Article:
Clearly, the system needs to change. Rabbi Moshe Tendler offers the following advice (quoted from "End The Madness"): "Don’t ask whether he wears shoelaces or loafers; or what kind of gefilte fish they eat; or what sort of tablecloths they use. The process can deteriorate to the point of stupid questions that are asked because no one knows what to look for anymore...The way someone dresses is not necessarily a statement about personal piety or religiosity. True, there exist certain halachic issues such as hair covering and wearing pants that ultimately have to be discussed; still, opinions—verbal or physical—expressed during a date are usually not the opinion of the person expressing them, but rather amount to a mouthing of something they heard or learned from their community. Young people are not yet the people they will become. Important decisions in life should not be dependent on externals that are constantly in flux and are likely to change."

Recently, I attended a wedding where the religious standards were such that men and women sat separately, not only at the ceremony but at the meal as well. The wedding was beautiful, but I couldn’t help but wonder how many matches might be made if all these marriageable-age kids were allowed to socialize in this controlled religious environment instead of just peeking around the
mechitzah at each other. Imagine how we could cut through the bull if a couple could decide that they like each other in a healthy social environment before they even approach the question of what kind of tablecloth her mother puts on the Shabbos table, and whether or not they plan to do the same.

I can understand the logic behind separating high school kids by gender; raging teenage hormones in kids who are not ready to get married often lead to problems. But we’re talking about young adults who are currently seeking a mate, and who after a lifetime of attending single-sex schools are going to need to learn to socialize in the real world sooner or later anyway!

Some from the Yeshivish world might argue, "that’s just not the way we do things." Well, I’m sure they said the same thing when they did away with arranged marriages. Something wasn’t working then, so the change needed to be made. And once again, something’s not working.
It’s time to make a change.


5 Comments:

Anonymous Avi Frier said...

I generally don't respond to posts such as these, because if I replied to everyone who had a problem with something I wrote I'd have no time to do much else. But after writing it you took the time to send it to me personally, so I will take a moment to respond.

I'm a little bewildered by your comments.

First, I don't see how accusations against Rabbi Moshe's Tendler's sons are relevant here. The accusations were made against them, not him, and have little bearing on his comments (which, by the way are completely unrelated to sexual abuse, and strictly refer to the inappropriateness of the questions some people ask when seeking a mate). Rabbi Moshe Tendler has never been accused of any type of abuse, and it is unfair to lump him together with his sons.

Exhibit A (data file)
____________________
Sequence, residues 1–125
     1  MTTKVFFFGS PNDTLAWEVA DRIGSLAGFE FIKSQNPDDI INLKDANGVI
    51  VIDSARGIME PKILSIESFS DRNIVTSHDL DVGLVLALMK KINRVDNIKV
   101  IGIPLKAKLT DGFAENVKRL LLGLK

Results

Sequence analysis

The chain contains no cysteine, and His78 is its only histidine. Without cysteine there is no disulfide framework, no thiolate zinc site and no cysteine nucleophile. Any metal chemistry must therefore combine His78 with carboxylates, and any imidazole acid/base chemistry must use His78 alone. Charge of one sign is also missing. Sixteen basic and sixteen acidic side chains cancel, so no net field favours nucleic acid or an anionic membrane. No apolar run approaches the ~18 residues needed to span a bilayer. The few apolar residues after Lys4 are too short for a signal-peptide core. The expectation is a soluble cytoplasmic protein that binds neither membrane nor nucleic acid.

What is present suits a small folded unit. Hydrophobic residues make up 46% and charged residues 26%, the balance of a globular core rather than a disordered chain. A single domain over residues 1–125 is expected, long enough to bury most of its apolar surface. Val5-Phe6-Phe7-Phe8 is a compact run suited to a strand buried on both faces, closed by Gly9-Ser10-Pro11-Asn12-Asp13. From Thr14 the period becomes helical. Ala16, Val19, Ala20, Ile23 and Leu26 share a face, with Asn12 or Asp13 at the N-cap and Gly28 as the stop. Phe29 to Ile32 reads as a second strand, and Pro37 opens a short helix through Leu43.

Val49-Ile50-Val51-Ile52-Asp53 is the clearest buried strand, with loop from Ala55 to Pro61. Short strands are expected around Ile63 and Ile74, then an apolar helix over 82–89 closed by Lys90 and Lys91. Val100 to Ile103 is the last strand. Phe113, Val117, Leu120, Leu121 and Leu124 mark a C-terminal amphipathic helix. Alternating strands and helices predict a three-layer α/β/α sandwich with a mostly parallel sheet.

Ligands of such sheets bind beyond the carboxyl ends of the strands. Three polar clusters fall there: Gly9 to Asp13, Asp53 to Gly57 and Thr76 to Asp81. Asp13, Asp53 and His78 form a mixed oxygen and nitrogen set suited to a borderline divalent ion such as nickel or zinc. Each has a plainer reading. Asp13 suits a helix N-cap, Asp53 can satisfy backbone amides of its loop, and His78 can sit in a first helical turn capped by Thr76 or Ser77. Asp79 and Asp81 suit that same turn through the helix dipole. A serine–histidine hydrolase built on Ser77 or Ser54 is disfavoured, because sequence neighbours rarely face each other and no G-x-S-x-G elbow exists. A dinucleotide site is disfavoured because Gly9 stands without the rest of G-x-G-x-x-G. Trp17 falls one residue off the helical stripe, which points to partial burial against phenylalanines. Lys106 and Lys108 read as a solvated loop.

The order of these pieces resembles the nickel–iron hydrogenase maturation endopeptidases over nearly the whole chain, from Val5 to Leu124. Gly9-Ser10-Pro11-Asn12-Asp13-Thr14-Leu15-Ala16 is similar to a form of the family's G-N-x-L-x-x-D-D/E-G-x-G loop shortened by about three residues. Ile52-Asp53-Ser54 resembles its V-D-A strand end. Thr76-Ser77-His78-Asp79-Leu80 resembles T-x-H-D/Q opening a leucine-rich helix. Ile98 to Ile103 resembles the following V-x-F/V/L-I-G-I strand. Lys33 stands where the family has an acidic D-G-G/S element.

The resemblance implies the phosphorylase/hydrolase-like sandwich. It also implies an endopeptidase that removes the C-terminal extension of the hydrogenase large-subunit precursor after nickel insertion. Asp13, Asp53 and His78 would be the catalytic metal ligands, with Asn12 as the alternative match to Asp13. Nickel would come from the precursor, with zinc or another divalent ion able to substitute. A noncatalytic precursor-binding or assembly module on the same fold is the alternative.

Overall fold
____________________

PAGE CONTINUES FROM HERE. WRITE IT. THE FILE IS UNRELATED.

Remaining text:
Second, nowhere in my article is Rabbi Tendler referred to as an expert in the orthodox dating scene or anything else for that matter. End The Madness, a group that is striving to improve the orthodox dating scene, included Rabbi Tendler in their forum, and I simply quoted from their transcript.

Third, I can't understand how it is relevant that I used one article over a year and a half ago from a publication that you disapprove of. You should know that before I printed the article, I edited it and checked every fact myself; I took nothing at face value, especially considering the gravity of the situation.

Finally, and most significantly, I am wondering which 'team' you think I'm on here. I'm pulling for positive change in the Jewish Community here, and your nitpicking about the mention of Rabbi Moshe Tendler is insulting.

January 19, 2007 2:08 PM  
Anonymous Anonymous said...

I must agree here with Mr. Frier. Just because Moses Tendler happens to be the father of people who have been accused of sexual miconduct does not make his comments regarding Orthodox dating practices, nor the dangers of oral suction invalid. In fact, his outspokenness about the oral suction issue was laudable, and may save lives. These kinds of posts ultimately serve to undermine the excellent work you do with respect to sexual misconduct and abuse.

January 20, 2007 2:46 PM  
Anonymous Anonymous said...

I agree with JS. With all of the various individuals that Avi Frier could have quoted regarding the dating scene it just seems odd he would pick Moshe Tendler.

Remember the JTA article named Mordecai Tendler. Wouldn't you think that at this time the rest of the Tendler klan would want to keep a low profile?

What's the odds of one father raising two sex offenders? With what we know about the statistics of those being offenders also being survivors of sexual abuse, one has to stop and ask the question -- was Mordecai and Aron Tendler sexually abused in thier childhood? If so by who?

January 20, 2007 3:53 PM  
Anonymous Anonymous said...

There are many Tendler family members who were involved in the cover of the crimes of the 2 sex offenders.

I also heard rumors that haven't personally verified that Mordechai Tendler is giving shiurim in Daddy Moshe's shul. If that's true, then daddy Tendler is going against the psak of batei din and rabbanim to keep Mordechai away from children.

This week's Jewish Press has a full page ad from Irgun shiurei Torah. Rabbi Shalom Tendler, who had to resign from Young Israel of Beverly Hills, is shown giving shiurim at Adas Torah in Pico-Robertson.

January 20, 2007 6:17 PM  
Anonymous Anonymous said...

My message at 6:17 pm was corrupted somehow. There are missing words that ruin the grammar & I meant to quote rabbonim as saying that Mordy Tendler must be kept away not just from children but also adult women.

January 20, 2007 10:14 PM